Assignment: Personality Judgment and Decision Making
The potential relationship between spicy taste and risk seeking
Xue Wang∗ Liuna Geng† Jiawen Qin∗ Sixie Yao∗
We conducted three studies to examine the relationship between spicy tastes and risk seeking. In Study 1, results from a personality judgment task indicated that people were more inclined to attribute a higher level of risk seeking to individuals who enjoy spicy foods. The second study examined whether people who like spicy foods are actually more risk seeking. In fact, people who reported a preference for spicy tastes scored higher on risk taking, as assessed via the Domain-Specific Risk-Taking
Scale (Chinese version). Finally, Study 3 employed an experimental design to manipulate risk-seeking tendencies by having participants experience spicy food tastes in the lab. Momentarily savoring spicy foods increased participants’ risk taking in the Iowa Gambling Task. The present findings suggest that preferences for spicy tastes could relate to risk-seeking tendencies and subsequent risk-seeking behaviors.
Keywords: spicy taste, risk seeking, personality.
In the past decade, psychologists and nutritionists have examined the relationship between personality traits and food choices. Several studies suggest that personality traits influence consumption of specific foods or substances. For example, among the Big 5 personality factors, conscientiousness and openness to experience are positively associated with vegetable and fruit consumption (Raynor & Levine, 2009) and negatively associated with eating meat products (Mõttus et al., 2012). Research has also shown that an increased preference for caffeine is associated with higher levels of sensation seeking (Mattes, 1994). More abstractly, scholars have addressed factors underlying taste preferences, particularly the relationship between taste preferences and personality.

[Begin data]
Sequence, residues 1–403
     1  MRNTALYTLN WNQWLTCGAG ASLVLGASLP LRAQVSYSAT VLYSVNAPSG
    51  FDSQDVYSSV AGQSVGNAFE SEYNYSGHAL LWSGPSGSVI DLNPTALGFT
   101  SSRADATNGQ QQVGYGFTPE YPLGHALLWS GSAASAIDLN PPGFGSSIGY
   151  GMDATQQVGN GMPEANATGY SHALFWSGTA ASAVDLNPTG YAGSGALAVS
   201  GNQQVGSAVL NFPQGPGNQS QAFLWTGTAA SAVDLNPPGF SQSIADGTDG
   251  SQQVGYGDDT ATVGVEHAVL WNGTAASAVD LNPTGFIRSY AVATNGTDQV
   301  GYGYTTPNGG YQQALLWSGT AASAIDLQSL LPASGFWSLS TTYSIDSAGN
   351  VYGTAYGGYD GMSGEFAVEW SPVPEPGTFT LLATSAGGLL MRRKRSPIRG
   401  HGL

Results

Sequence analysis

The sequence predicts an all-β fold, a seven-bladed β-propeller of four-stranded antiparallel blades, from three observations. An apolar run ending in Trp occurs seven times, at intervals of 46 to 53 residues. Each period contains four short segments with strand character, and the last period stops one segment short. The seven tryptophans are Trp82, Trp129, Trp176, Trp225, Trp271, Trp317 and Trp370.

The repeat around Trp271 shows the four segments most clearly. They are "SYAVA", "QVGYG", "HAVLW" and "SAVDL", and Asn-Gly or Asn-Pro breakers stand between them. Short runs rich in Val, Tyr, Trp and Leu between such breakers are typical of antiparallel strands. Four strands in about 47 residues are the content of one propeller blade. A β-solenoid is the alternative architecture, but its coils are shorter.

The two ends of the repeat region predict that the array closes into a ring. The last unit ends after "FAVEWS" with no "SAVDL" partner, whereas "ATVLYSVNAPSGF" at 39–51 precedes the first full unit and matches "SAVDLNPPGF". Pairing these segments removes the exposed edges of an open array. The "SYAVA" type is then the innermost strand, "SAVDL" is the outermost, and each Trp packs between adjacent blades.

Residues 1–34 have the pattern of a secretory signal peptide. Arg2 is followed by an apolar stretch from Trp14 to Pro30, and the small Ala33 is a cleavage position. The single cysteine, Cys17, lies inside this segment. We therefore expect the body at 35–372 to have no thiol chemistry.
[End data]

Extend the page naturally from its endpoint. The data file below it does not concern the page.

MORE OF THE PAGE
For instance, individuals with a preference for sweet foods score higher on measures of agreeableness (Meier, Moeller, Riemer-Peltz & Robinson, 2012) and neuroticism (Keller, Steinmann, Nurse & Tepper, 2014; Kikuchi & Watanabe, 2000). As for spicy tastes (i.e., tastes elicited from spices that produce oral irritation), preferences have been observed around the world (especially Africa, India, China, and Mexico; Ji, Ding, Deng, Ma & Jiang, 2013), in spite of these foods (at least initially) being seemingly unpalatable.
In contrast, several people are averse to spicy foods due to resultant painful sensations. While physiological reactions Funding: The study described in this report was supported by the Jiangsu university philosophy social science fund project “the mentality in the period of social transformation” (No. 2015JDXM003). The funders had no role in study design, data collection and analysis, Copyright: © 2016. The authors license this article under the terms of the Creative Commons Attribution 3.0 License. ∗Department of Psychology, Nanjing University, Nanjing, China. †Corresponding author. Department of Psychology, Nanjing University, Nanjing, China. Email: email@example.com.
affect preferences for spicy tastes, additional evidence suggests that these taste preferences could be influenced by personality factors (Bartoshuk, 1993; Duffy, 2007; Duffy & Bartoshuk, 2000; Miller & Reedy, 1990), social and cultural contexts (Rozin & Schiller, 1980; Stevens, 1990), and repeated exposure to spicy cuisine (Logue & Smith, 1986). Personality Judgment and Decision Making.
Thus, there is merit in exploring the relationship between spicy tastes and personality traits.
The most common personality construct associated with spicy taste is sensation seeking, which has been associated with a preference for, and consumption of, spicy foods.